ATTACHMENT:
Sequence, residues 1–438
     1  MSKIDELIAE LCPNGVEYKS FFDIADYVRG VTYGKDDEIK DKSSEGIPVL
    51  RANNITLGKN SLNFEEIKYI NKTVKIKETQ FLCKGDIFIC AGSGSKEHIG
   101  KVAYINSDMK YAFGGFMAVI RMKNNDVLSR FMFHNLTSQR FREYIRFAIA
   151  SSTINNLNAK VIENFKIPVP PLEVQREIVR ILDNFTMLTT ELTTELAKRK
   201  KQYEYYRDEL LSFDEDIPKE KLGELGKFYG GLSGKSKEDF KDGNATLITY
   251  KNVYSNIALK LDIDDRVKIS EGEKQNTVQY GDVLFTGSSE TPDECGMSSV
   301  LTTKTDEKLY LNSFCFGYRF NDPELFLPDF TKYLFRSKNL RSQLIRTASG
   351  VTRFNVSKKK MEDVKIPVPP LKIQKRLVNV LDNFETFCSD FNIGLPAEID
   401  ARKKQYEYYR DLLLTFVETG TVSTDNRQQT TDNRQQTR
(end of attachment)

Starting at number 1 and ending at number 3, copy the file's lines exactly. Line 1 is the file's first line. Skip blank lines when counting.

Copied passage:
Sequence, residues 1–438
     1  MSKIDELIAE LCPNGVEYKS FFDIADYVRG VTYGKDDEIK DKSSEGIPVL
    51  RANNITLGKN SLNFEEIKYI NKTVKIKETQ FLCKGDIFIC AGSGSKEHIG